University of Melbourne
I was left with a feeling of ‘so what can we do? What does this mean to the people producing the food?’.
The main part of my doctoral research aims to understand the history of apple growing in Victoria and to uncover the relationships between biodiversity, place and climate change. I focus very much on the interplay between the ecological and the socio-cultural aspects of apple growing and argue that one cannot be considered without the other.
The conference was useful to me in a sense that I realised the general importance that is placed on the physical aspects of food production, while the research arena I come from has a big emphasize on the social and cultural contexts. The conference exposed me to the so called ‘hard sciences’ and economic aspects which on the one hand was very interesting, on the other hand however, I searched for the links to the actual people. I was left with a feeling of ‘so what can we do? What does this mean to the people producing the food?’. In one way this is the task of us new scholars, but considering issues surrounding food security have been around for many decades, there still didn’t seem to be clarity for the future, except for a call to intensify agriculture practices and ever increase yields and productivity, which so far has not been able to feed the world.
I was waiting for a definition of food security and what it actually means. To me food security means something completely different in China, compared to Australia, compared to Europe. Yet, this was not really addressed. Considering there were many participants from so called developing countries, I was hoping for some mention of food sovereignty which of course can be very different to security but perhaps more relevant in regards to less industrialised countries.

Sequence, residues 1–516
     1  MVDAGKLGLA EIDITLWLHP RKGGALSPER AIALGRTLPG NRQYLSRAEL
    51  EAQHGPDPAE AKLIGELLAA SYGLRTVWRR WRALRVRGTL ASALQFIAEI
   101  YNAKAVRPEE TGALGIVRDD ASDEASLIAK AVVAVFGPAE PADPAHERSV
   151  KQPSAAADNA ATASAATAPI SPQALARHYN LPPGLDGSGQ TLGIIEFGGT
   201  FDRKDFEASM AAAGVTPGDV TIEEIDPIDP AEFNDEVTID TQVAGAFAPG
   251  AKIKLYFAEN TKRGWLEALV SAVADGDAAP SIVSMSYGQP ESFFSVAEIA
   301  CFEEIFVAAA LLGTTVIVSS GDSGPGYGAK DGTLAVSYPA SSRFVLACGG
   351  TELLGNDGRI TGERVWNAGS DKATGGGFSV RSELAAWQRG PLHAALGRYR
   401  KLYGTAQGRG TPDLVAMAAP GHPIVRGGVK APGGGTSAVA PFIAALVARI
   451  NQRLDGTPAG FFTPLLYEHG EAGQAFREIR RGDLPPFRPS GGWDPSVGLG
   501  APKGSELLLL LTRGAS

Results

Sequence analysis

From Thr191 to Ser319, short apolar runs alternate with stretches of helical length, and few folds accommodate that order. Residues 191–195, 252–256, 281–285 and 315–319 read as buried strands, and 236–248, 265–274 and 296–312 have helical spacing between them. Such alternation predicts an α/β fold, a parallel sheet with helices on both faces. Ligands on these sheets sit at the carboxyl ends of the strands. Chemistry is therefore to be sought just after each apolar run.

While I am left somewhat critical of the overall content and vibe of the conference presentations, I was very excited to be able to speak to fellow scholars and exchange ideas and research foci. While everyone had a different background we all seemed to share the basic aim for a more food secure future. I enjoyed the group session on the last day, where all scholars spoke about their research background and also shared some feedback about the conference.
Although I was left wanting more, I really enjoyed the conference and found the information very useful. I particularly enjoyed Dr Christine Padoch’s presentation on ‘More than just trees’, which probably echoed the most with me. I was extremely impressed with the organisation of the conference, the logistics and the especially generous funding given to the scholars. Thank you Crawford Fund for enabling me to attend and I look forward to staying in touch, especially with the other scholars.
I want to finish with a quote from Virginia Nazarea: “Local knowledge and cultural memory are crucial for the conservation of biodiversity because both serve as repositories of alternative choices that keep cultural and biological diversity flourishing.” (Nazarea, 2006, p.318).
NAZAREA, V. D. 2006. Local Knowledge and Memory in Biodiversity Conservation. Annual Review of Anthropology, 35, 317–35